Vote and morality

Some people may argue that one HAS TO, from a moral standpoint, vote whenever possible, as voting is a democratic principle that guarantees freedom.

I see a number of misconceptions in that. First, democracy has very little to do with freedom. A place with no “power from the (or of the) people” can either be a place of unlimited and abusive power from one, or a few, people thus preventing the freedom of many. It can also be a place of extraordinarily limited power exerted by anyone, thus enable the freedom of most.It is the limitations put on the power of others that guarantees the possibility of freedom and if democracy can sometimes achieve that, it is by no means the sole way of doing it, nor a certain way of doing it.

The second misconception, and a very surprising one at that, is the linking of democracy and vote. A simple loot at history proves how weird that belief can be. People in the soviet union voted regularly. People in the Chinese Communist Party do vote regularly. I’m sure that elections happen from time to time in North Korea. Still, these were/are hardly democratic. Same as most of the western countries nowadays. There are elections. People vote. And nothing changes because basically the vote offers you choices between the tyranny of a party favouring some minority interests or the tyranny of another party favouring other minority interests. As Spooner put it: “A man is no less a slave because he is allowed to choose a new master once in a term of years.”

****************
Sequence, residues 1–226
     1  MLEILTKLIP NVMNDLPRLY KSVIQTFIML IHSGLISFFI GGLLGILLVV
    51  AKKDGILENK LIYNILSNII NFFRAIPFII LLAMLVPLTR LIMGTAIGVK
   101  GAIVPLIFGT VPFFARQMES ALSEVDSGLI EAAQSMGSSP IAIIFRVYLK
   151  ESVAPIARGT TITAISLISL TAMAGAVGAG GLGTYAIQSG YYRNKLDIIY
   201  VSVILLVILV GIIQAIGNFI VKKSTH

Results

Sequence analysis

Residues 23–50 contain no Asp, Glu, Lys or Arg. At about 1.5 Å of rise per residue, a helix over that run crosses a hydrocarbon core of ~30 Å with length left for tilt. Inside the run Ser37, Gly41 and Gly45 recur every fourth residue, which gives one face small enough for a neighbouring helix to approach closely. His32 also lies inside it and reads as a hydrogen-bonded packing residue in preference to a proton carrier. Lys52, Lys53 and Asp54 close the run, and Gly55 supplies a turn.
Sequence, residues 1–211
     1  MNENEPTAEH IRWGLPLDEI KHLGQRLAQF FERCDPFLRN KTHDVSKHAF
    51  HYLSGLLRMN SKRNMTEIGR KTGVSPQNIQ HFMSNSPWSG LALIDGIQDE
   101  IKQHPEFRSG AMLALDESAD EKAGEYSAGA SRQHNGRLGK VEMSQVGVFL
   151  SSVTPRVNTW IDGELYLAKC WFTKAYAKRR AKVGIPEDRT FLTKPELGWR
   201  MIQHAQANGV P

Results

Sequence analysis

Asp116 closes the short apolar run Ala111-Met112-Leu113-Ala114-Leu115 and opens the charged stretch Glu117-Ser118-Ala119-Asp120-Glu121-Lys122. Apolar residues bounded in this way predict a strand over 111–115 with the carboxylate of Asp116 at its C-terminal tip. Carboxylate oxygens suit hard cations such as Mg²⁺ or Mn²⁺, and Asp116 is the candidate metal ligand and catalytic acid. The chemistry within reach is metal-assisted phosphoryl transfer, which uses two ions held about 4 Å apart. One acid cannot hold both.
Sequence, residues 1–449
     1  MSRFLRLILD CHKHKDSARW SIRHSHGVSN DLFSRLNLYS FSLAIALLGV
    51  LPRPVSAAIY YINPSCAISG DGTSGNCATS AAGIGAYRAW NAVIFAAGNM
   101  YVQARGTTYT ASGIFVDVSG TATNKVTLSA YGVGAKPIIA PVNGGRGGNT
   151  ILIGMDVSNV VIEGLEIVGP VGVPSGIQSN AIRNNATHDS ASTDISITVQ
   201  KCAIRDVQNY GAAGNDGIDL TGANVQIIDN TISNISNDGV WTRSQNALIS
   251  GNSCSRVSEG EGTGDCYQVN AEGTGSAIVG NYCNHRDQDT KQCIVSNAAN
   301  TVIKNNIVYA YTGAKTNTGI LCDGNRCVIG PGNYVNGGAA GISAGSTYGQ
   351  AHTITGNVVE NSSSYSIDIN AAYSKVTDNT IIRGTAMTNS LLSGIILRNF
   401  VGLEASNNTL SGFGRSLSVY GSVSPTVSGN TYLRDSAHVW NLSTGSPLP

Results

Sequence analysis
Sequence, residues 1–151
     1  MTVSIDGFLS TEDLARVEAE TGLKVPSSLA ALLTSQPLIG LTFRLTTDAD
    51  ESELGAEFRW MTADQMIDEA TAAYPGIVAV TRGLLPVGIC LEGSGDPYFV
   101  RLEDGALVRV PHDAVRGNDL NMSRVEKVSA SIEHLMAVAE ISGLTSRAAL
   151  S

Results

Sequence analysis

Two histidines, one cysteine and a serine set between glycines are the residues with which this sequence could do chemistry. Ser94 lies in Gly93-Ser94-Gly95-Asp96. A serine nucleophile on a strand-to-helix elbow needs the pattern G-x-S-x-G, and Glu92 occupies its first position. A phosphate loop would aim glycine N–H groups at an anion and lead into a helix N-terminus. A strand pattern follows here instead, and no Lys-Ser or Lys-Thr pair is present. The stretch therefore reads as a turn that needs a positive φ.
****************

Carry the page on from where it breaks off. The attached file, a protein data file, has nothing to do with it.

The final misconception is that voting is a moral duty. And that even if you are not “in favour” of any of the proposed parties/politicians you should vote to express the adherence to democratic/freedom/republican values. We already saw of that last point is plain nonsense. But the beginning is also moot. Indeed, as soon as the government has any power reaching further than strict regalian functions (police, justice and the relations with other countries, i.e. military and diplomacy), it does intervene in our fellow men’s lives, and ours. Therefore whoever is in power in such government has to (or at the very least can) violate the freedom of people. Voting to select who will exert tyranny on others and to decide what sort of tyranny should be exerted is, at the opposite of what the media say, the pinnacle of immorality, the peak of hypocritical “altruism”. And it is a way by which we become part of the tyranny, dictators ourselves, because we get to decide what should be imposed on our fellow men.



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